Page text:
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Drilling deeper with nutrients pays off

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Making nutrients more efficient by placing them deeper in soil could reduce the amount of fertiliser applied with each crop.

Trials in NSW and Queensland are focusing on crop responses from deep placement of phosporous, potassium and sulphur.

Two projects on deep placement are being funded by the Grains Research and Devleopment Corporation, and are co-ordinated by University of Queensland agricultural scientist Mike Bell.

Crops in NSW trials led by NSW DPI research agronomist Rick Graham have shown significant improvement when nutrients are placed below the topsoil.

Crops including sunflowers, sorghum, canola, barley, wheat and chickpeas have been grown at trials near Garah, Terry Hie Hie, Tulloona, Gurley, Blackville, Nyngan and Gilgandra.

Mr Graham's research is continuing, looking at crop responses over a number of years and measuring the residual benefits of deep placement of fertiliser.

A new project, led by soil scientist Graeme Schwenke, will look at fine-tuning the methods for deep nutrients placement to make fertilisers more efficient.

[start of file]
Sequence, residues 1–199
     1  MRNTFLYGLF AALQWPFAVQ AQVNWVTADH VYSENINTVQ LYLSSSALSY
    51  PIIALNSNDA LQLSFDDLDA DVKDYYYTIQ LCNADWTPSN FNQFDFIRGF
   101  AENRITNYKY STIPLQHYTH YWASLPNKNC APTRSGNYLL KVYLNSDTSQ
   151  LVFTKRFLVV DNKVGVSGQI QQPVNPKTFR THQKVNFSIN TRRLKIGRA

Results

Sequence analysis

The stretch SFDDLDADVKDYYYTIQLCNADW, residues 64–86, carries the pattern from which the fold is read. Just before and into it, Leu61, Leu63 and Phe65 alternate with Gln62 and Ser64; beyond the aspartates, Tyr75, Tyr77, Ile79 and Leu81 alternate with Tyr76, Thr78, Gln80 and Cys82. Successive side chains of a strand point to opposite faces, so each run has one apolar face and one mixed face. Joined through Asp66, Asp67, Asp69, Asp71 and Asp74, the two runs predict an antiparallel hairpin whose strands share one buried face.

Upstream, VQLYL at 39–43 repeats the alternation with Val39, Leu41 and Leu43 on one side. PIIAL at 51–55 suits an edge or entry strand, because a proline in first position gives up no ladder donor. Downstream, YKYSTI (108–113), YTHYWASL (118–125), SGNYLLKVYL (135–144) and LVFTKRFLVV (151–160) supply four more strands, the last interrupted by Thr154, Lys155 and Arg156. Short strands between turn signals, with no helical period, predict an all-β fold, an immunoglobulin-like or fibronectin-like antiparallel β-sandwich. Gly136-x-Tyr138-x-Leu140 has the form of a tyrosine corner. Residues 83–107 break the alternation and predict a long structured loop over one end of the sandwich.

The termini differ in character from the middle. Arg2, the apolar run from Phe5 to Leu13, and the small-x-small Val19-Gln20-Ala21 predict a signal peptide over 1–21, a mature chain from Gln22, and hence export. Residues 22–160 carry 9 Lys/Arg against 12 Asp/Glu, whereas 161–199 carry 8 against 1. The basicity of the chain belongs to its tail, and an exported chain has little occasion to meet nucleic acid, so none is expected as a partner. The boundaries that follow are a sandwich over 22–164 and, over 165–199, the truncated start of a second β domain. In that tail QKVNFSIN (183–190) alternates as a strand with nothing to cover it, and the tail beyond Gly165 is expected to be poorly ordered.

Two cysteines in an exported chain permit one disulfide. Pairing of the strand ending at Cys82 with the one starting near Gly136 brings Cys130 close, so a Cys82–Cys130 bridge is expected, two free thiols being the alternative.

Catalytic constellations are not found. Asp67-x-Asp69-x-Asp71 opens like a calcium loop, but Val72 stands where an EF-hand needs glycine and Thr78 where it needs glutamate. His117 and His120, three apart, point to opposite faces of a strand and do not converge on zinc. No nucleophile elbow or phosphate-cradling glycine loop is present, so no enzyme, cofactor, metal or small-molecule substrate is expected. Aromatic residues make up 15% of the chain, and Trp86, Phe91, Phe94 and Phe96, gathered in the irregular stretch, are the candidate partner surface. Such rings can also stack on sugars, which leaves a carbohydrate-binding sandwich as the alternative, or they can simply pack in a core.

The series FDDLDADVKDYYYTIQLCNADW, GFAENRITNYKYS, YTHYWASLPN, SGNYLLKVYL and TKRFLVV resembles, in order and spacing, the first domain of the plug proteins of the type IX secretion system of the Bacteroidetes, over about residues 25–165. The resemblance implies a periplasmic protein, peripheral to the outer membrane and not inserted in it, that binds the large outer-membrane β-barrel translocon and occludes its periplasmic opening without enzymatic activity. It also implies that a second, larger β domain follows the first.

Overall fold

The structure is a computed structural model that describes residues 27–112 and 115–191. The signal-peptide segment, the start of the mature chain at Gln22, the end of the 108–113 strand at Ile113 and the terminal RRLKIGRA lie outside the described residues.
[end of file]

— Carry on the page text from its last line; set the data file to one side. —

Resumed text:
Dr Schwenke will study reactions from liquid and granular fertilisers, as well as how far apart the deep nutrient need to go and how much needs to be used. 

"It's important with these tree main elements, particularly phosphorous and potassium, because these are elements that don't move in the soil -where you put them is where they stay, unlike nitrogen which can move through the soil," he said.

“Normally these elements are put into the topsoil but we’re trying to place them around 20cm in depth.

“Previous research by Professor Bell’s group has established that the subsurface zone – below 10cm to at least 30cm – was where a lot of the nutrients had been extracted from over the years and putting fertiliser in the surface soil hadn’t been replacing what had been taken from the subsurface soil.

"Once the plant is established, the subsurface area is where a lot of the root activity happens.

“If you’re only putting the fertiliser in the surface soil the crop may not be able to use it if there’s no moisture available.”

The new project aims to help farmers decide what equipment to use, what configuration to put the fertiliser in with row spacing and how much fertiliser is needed, Dr Schwenke said.

“We want to address issues of deficiency of phosphorus and potassium in the subsurface soil and help farmers choose the right fertiliser product to maximise nutrient recovery in the crop.

"The cost-effectiveness of deep placement of nutrients will depend on seasonal conditions and growers would still need to use a starter fertiliser, but it may not be as much."

Most crops are reacting well to the deep placement of nutrients, but some have had exceptional responses.

"We'll measure the response in whatever crop the farmer has planned for that paddock over the next several years," Dr Schwenke said. 

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